State Air Resources Board Drops Expansion of Emissions Reporting to Small Businesses

In response to objections raised by the California Chamber of Commerce and other business groups, the California Air Resources Board (CARB) has dropped—for now—its proposal to require many small businesses to report air emissions.

The newest draft of the air emissions reporting regulation does not require the duplicative data collection and reporting by a catch-all category of facilities based on their emission levels.

That category includes 48,700 businesses, among them about 17,200 small businesses, not specified in the 2017 legislation establishing the emissions monitoring program (AB 617; C. Garcia; D-Bell Gardens; Chapter 136).

By CARB’s own estimates, expanding the data collection program to the businesses in the catch-all category would have more than quadrupled the cost of the program to exceed $80 million, compared to an original cost estimate of $20 million.

CARB is attempting to create a statewide approach to collecting and monitoring data to avoid piecemeal collection and ensure the use of best available technology to measure air emissions across the state.

CARB estimated that 1,300 facilities are covered by the three categories of stationary emission sources AB 617 placed in law:

  • Sources covered by the cap-and-trade regulations;
  • Facilities in districts that are out of compliance with the Federal Clean Air Act and have permits authorizing emissions greater than 250 tons per year;
  • Elevated priority for air toxics.

CARB suggested it would consider adding emissions reporting requirements for the fourth catch-all category of businesses in a future rulemaking or update.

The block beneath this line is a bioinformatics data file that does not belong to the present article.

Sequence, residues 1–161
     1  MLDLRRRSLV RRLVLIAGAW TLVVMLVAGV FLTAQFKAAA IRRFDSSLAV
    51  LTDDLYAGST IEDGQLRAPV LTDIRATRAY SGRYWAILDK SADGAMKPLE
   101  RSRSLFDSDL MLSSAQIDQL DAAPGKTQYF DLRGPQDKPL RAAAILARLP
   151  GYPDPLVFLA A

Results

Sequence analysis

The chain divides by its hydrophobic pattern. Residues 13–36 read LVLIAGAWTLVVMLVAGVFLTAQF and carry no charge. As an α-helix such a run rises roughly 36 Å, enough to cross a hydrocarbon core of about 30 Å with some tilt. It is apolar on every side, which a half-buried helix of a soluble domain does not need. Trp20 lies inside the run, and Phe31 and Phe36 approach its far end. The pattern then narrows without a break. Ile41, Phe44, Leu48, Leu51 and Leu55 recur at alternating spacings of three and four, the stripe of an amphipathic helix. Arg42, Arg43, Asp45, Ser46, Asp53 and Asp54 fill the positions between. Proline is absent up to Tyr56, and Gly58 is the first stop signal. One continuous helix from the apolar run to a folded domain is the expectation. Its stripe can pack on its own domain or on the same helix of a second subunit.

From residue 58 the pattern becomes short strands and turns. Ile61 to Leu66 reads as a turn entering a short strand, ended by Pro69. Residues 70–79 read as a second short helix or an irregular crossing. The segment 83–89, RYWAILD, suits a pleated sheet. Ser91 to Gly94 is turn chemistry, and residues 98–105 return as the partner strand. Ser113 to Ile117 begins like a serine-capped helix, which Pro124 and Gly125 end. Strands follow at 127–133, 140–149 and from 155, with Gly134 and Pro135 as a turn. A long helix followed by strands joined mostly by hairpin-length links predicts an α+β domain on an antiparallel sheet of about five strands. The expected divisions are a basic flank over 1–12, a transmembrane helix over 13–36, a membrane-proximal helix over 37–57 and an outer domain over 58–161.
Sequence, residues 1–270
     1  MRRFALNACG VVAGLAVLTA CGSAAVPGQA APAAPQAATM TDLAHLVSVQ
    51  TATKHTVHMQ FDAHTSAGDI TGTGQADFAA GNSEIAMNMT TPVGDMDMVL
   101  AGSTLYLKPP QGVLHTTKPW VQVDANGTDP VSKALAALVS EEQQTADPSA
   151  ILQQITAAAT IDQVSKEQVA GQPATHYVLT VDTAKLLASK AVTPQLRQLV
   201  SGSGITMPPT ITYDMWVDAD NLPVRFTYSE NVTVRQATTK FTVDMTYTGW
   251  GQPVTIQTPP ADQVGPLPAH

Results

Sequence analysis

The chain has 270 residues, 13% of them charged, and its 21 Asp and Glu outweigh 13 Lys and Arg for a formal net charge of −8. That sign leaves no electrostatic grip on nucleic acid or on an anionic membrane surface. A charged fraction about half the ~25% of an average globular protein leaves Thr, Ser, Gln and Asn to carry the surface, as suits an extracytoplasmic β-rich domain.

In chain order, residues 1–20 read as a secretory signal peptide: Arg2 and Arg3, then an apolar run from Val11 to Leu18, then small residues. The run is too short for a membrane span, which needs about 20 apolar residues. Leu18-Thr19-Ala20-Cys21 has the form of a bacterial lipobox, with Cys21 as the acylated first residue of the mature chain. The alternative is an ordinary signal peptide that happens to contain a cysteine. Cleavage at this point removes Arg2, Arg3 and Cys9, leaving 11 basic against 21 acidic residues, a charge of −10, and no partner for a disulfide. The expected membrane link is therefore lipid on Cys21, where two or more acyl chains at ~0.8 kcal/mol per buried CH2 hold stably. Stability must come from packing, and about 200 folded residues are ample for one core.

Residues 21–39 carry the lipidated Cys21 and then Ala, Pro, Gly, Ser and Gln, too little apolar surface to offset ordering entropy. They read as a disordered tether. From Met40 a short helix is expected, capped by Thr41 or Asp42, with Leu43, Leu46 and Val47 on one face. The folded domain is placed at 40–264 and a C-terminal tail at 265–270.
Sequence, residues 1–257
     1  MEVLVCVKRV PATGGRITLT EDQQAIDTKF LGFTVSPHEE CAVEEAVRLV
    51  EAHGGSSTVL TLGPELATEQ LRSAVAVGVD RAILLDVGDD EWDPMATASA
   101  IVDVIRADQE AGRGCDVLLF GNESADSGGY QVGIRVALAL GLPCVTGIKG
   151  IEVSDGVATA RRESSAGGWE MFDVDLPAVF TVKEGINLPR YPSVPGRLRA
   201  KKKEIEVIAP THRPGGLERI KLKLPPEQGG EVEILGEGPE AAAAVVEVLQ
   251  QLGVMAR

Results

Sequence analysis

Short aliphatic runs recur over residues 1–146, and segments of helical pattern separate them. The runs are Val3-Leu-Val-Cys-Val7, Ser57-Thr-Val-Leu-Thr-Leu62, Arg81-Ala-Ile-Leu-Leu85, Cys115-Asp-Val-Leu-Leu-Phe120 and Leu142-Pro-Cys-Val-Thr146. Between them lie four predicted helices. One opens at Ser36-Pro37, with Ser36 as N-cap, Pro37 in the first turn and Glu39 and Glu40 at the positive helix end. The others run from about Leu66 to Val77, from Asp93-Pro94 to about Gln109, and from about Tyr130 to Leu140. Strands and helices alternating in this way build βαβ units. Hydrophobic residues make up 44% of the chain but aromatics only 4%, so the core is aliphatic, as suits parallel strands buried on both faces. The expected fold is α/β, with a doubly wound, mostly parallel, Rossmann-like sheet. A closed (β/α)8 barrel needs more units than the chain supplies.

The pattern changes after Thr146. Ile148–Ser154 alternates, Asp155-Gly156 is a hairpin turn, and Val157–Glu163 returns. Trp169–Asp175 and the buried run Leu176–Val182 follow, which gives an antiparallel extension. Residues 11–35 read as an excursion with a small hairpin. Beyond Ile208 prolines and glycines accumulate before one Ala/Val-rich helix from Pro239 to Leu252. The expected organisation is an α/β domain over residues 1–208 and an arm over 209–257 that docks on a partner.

Draft Improvements

Other changes in the latest draft regulation show a substantial improvement over the previous draft. Those changes include:

  • Clarifying that emissions collection and reporting are on a phase-in schedule;
  • Adding explicit language to clarify that entities will not be liable for the failure of air districts to provide data to CARB.
  • Expanding the agricultural irrigation pump exclusion;
  • Clarifying emissions data collection methods;
  • Clarifying the overlapping enforcement authority of CARB and local air districts;
  • Making the requirements for portable equipment more consistent with the existing portable equipment registration program;
  • Changing definitions for certain emissions to be monitored so that they are more consistent with federal definitions.

Continuing Concerns

Still in need of work are sections of the regulation dealing with:

  • Confidentiality of data submissions;
  • Approval of emissions reporting methods;
  • 30-day time for responding to CARB requests.

What’s Next

The CalChamber will continue to work with CARB to clear up remaining business concerns. CARB has yet to announce whether a future public hearing will be held on these changes, but public comments were due by midnight on August 1.

Staff Contact: Leah Silverthorn

Leah Silverthorn
Leah B. Silverthorn joined the CalChamber policy team in May 2018 as a policy advocate. She specializes in climate change, air quality, energy, environmental justice, marijuana/cannabis, and transportation and infrastructure issues. In April 2021, she was named a senior policy advocate in recognition of her efforts on behalf of members. She brought to the CalChamber more than decade of legal experience in environmental, energy, and land use matters. Immediately before coming to the CalChamber, she was the principal owner of Silverthorn Legal, based in Seattle, Washington. She focused on environmental litigation, contaminated property redevelopment, and environmental cost recovery and defense. She is an honors graduate of Indiana University-Bloomington, with a B.S. in public affairs and environmental management. She earned her J.D., with honors, at the Indiana University McKinney School of Law, where she was articles editor for the Indiana International and Comparative Law Review and a member of the Moot Court Board. See full bio.